I hope no one expects me to say something profound on my deathbed. Sorry, posterity—I’ll be busy.
Besides, not to be a spoilsport, but some of history’s most memorable “last words,” from Thomas Jefferson to James Joyce, turn out, on close examination, to be either made up, misremembered, or embroidered after the fact by some relative or admirer.
Such were the sour thoughts running through my head when I read the (supposed) final words of German aviation pioneer Otto Lilienthal, who died 120 years ago today, following a crash while testing one of his gliders. Lilienthal’s last words, as reported by his sister-in-law more than 30 years later and repeated many times since: “Opfer müssen gebracht warden.” Sacrifices must be made.
In fact, Otto Lilienthal made many sacrifices, and suffered multiple injuries, in the course of advancing the science of aviation over a period of five years beginning in 1891. Inspired by his study of birdflight, and with the assistance of his brother Gustav, Otto made more than 2,000 well-documented glider flights. He was the most accomplished and probably the best-known aeronaut of his day, earning the nickname the “Flying Man.”
On Sunday, August 9, 1896, his luck ran out. With his mechanic and assistant Paul Beylich, Lilienthal went to a location about 50 miles northwest of Berlin, which had a natural hill that was ideal for his glider test flights. He took off, flew briefly, then hung motionless in midair…and plummeted to the ground from a height of 50 feet.
Beylich ran to the spot where Lilienthal lay, unconscious but apparently uninjured, beneath the wreckage. The fallen aviator quickly came to, and asked, “What happened?” followed by “I’ll relax a bit, and we’ll continue.” Beylich answered that the glider was too smashed up to fly, and with the help of some locals, took Lilienthal to a nearby inn, where a doctor examined him. “I can still see him today, lying on his back with his beautiful, full, blond beard, not remarking about any pain,” the doctor recalled later, according to Lilienthal biographer Werner Schwipps. Although the Flying Man was paralyzed from the waist down, the doctor didn’t think he was in danger of dying.
The next day the doctor put his patient—now resting on a litter—on a train to Berlin. During the journey Lilienthal “became soporous and sleepy,” and he died that afternoon in a Berlin clinic, never having regained consciousness. Modern physicians think the likely cause was a brain injury.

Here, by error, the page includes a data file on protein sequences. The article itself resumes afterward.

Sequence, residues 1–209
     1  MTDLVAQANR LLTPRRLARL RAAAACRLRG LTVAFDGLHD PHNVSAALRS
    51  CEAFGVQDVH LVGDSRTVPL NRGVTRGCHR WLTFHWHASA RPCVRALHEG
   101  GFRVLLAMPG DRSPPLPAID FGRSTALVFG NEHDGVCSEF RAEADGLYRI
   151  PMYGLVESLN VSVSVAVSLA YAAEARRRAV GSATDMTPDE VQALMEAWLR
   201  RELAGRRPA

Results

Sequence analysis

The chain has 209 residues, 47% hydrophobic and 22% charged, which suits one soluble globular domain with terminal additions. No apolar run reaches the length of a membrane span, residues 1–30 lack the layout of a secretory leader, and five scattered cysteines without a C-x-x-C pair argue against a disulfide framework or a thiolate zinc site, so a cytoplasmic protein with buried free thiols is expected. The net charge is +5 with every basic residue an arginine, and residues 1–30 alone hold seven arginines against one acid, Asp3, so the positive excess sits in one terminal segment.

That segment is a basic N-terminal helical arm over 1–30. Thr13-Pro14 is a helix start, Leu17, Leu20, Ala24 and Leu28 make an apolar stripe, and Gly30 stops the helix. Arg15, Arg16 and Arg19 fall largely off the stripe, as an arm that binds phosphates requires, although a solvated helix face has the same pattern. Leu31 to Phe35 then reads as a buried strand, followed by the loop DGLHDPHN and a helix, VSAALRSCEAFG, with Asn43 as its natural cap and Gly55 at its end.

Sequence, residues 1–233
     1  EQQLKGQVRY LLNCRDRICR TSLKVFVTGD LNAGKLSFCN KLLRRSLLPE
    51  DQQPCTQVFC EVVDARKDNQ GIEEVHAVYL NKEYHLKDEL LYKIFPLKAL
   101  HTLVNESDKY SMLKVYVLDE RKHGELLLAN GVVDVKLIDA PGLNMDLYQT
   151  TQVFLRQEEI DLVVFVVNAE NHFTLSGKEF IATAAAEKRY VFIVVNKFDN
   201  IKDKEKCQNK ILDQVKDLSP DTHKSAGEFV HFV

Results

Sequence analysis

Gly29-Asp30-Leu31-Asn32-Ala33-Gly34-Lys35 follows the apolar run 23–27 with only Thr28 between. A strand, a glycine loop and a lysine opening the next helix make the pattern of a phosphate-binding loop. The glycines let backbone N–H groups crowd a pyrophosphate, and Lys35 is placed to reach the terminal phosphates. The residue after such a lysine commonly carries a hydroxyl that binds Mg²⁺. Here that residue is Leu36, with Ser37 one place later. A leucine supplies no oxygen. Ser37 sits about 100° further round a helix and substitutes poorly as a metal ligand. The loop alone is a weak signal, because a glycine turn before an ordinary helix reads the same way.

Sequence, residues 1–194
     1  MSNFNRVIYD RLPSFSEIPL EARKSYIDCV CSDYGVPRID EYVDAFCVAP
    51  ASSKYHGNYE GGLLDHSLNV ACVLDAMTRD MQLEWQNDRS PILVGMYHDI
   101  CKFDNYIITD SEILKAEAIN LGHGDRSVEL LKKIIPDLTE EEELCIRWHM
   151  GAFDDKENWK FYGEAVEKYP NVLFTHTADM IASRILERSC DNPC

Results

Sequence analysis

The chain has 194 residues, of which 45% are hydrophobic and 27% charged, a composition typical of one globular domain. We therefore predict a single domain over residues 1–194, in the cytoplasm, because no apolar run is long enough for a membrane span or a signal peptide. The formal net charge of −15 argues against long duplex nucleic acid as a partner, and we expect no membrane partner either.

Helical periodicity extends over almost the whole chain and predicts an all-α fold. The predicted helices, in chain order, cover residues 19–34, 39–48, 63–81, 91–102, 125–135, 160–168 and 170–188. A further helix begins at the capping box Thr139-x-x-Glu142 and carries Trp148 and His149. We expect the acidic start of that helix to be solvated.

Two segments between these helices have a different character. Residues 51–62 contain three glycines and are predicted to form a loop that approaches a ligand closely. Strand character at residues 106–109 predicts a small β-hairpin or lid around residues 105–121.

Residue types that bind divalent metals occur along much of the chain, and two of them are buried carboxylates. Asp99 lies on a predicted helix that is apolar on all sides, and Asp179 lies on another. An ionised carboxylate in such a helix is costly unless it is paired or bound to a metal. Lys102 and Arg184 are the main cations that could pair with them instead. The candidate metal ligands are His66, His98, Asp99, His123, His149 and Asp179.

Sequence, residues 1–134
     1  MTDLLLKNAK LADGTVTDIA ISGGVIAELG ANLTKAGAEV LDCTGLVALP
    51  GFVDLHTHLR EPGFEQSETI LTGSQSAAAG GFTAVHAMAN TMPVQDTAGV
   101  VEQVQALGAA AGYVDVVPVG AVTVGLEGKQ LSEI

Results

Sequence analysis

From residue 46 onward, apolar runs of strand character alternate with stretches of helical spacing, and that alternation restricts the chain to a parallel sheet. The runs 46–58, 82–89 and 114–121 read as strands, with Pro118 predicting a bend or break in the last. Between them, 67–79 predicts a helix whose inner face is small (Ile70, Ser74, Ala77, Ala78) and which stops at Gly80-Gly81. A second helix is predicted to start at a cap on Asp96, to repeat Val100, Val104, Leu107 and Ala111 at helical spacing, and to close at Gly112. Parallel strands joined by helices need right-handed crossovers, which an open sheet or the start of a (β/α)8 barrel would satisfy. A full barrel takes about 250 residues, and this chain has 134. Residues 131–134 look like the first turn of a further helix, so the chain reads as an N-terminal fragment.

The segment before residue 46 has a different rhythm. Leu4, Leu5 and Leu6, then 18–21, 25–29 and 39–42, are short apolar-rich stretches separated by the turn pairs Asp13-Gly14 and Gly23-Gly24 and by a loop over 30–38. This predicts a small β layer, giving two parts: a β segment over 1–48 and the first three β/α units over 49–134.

As for Lilienthal’s last words, there are conflicting reports. A story in the New York Journal the day after the aviator’s death quotes him as saying, “Mine is the true inventor’s death. I am satisfied to die in the interest of science.” But that account appears nowhere else, has no attribution, and can probably be ruled out.
Two of Lilienthal’s friends, Alard du Bois-Reymond and mathematician Carl Runge, wrote a letter to Nature a few weeks later, giving an account of the airman’s death as heard directly from Beylich. Although some of their details are wrong, the authors make no mention of last words, and say that when Lilienthal’s brother Gustav finally arrived on the scene, “he found that [Otto] had swooned again; and he did not recover his consciousness until [sic] death set in.”
It wasn’t until 1930, in a book written by Gustav with his wife, Anna, that the famous words appear: “His last intelligible words are said to have been: ‘Sacrifices must be made.’ ” And that’s the phrase carved on the stone placed over Lilienthal’s grave in 1940.
Bernd Lukasch, director of the Otto Lilienthal Museum in Anklam, Germany, doubts that this was the aviator’s actual last utterance, although he does allow that “Lilienthal did say these words very often.”
The Flying Man’s sacrifice of his own life—although he never intended it as such—did, in fact, turn out to be critically important to the progress of aviation. In August 1896, two other brothers, owners of a bicycle shop in Dayton, Ohio, read the accounts of Lilienthal’s death with great interest. As Wilbur Wright said in 1901:
My own active interest in aeronautical problems dates back to the death of Lilienthal in 1896. The brief notice of his death which appeared in the telegraphic news at that time aroused a passive interest which had existed from my childhood and led me to take down from the shelves of our home library a book on Animal Mechanism, by Professor Marey, which I had already read several times. From this I was led to read more modern works, and as my brother soon became equally interested with myself we soon passed from the reading to the thinking, and finally to the working stage.
Recently, engineers at DLR, the German aerospace agency, conducted wind-tunnel tests of a full-scale replica of Lilienthal’s glider built by the Anklam museum, and came away with renewed respect for what the Flying Man accomplished 125 years ago. Project leader Andreas Dillmann said in a release: “From an aerodynamic perspective it is an absolutely flawless construction, inherently stable in all flight ranges.” In fact, Dillmann adds, Lilienthal’s machine was more stable than early Wright brothers designs tested in NASA wind tunnels. “The flight characteristics of the Lilienthal glider are equivalent to those of the typical training glider used during the’20s and ’30s—designs that flew decades after Lilienthal.”
Watch a video about the wind-tunnel tests here: